Saturday, April 2, 2011

How do we act when the signposts are not clearly marked?

I like to think, like the next guy (or gal), that I have principles. Do steal, don't lie, don't cheat. That's what my mother told me. But when she caught me smoking in my room two nights in a row... I told her that Confucius said that sometimes we should lie. She didn't believe me. So we both read through Confucius for a couple of days until one of us found it.

In Buddhism, there is talk of using "skillful means." Does this mean to lie, steal, and cheat? Maybe. If it is the only way to help someone move along the Way.

There is another Buddhist saying that one should not be attached to their preferences. Are preferences "principles." Kindof, sortof. Aren't they?

My mother-in-law said that she votes Republican, no matter what. Even if her favorite granddaughter (she only has one) is running on the Democratic ticket. Geeze, I'd vote for any party if my daughter was running. But then I might try to persuade her not to tow the party line.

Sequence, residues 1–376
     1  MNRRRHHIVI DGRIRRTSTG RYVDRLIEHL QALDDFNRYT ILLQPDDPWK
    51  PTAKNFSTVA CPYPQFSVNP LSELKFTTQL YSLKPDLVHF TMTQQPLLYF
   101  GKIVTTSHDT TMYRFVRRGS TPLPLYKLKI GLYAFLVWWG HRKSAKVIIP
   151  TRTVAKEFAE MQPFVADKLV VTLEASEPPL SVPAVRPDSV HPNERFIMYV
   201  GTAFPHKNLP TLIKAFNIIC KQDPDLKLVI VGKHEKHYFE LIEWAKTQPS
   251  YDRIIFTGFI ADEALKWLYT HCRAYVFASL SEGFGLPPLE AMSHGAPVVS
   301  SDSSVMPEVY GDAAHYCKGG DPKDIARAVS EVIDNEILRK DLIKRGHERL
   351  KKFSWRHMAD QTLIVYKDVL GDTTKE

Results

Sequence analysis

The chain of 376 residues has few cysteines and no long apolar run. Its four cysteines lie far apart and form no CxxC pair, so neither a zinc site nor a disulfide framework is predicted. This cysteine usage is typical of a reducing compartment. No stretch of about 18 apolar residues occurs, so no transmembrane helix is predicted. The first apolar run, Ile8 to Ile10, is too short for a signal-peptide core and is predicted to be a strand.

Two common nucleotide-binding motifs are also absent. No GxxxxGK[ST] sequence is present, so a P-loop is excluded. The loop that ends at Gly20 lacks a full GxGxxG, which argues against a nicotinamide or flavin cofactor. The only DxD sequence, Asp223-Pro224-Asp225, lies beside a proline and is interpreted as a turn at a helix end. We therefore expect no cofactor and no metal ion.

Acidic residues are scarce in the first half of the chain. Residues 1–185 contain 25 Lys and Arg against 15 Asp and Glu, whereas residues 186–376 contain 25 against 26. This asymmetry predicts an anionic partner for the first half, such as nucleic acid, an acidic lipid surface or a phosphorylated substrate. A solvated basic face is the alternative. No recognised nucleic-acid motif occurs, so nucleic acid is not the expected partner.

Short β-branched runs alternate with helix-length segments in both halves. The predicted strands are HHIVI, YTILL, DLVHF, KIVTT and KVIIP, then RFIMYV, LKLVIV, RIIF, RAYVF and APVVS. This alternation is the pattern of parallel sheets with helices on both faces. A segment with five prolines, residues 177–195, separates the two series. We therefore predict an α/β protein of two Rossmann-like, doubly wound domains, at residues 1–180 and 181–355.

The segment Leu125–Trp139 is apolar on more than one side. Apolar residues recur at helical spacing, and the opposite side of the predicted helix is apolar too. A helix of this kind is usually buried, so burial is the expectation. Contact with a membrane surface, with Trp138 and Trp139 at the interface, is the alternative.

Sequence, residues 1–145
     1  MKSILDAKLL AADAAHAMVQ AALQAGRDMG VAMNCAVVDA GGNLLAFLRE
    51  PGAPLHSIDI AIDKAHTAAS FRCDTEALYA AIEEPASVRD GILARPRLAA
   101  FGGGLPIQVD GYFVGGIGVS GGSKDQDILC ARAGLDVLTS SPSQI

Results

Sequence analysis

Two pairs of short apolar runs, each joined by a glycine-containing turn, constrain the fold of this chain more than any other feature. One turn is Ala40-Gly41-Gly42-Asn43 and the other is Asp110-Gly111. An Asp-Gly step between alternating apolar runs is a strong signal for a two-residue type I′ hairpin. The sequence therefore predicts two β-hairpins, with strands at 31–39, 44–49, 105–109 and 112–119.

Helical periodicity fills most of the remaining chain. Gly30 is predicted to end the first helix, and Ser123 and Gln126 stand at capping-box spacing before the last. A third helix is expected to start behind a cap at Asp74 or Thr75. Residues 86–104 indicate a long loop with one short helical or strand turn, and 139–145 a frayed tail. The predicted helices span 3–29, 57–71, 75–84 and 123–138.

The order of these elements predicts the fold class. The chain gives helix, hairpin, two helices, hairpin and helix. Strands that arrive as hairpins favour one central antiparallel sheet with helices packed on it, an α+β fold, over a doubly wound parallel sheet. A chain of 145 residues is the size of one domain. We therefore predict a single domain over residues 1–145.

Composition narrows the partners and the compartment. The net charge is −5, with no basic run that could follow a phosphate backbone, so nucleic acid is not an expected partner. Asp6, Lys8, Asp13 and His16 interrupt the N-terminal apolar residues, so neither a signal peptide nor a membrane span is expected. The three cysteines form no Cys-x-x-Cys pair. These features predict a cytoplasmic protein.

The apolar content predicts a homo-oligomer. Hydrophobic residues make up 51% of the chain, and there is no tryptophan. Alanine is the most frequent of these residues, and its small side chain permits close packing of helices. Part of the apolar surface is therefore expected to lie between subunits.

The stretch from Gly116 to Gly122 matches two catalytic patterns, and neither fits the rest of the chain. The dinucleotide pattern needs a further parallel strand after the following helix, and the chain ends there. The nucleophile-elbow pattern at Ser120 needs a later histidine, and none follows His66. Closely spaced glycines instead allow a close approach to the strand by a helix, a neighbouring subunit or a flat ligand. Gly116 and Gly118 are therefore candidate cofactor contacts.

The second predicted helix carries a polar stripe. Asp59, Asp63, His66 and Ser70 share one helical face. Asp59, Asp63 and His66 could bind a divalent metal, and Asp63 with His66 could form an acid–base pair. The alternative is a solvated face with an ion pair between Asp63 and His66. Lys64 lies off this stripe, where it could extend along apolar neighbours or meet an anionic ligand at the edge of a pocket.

I recently wrote about GE and the fact that they didn't pay taxes. Some have principles that rich companies should pay lots of taxes. I'm more of the elk that if they figure out how not to pay taxes, so much the better. But I'm not an advocate of big government.

Or war... but, throwing out principles, I love to see situations where mass murders are averted by military action (if that really was the case in Libya).

So how do we act, without principles? Well, we weight the benefits and consequences of each action and see what is worse... or better. What is difficult is that the signposts are not clearly marked.

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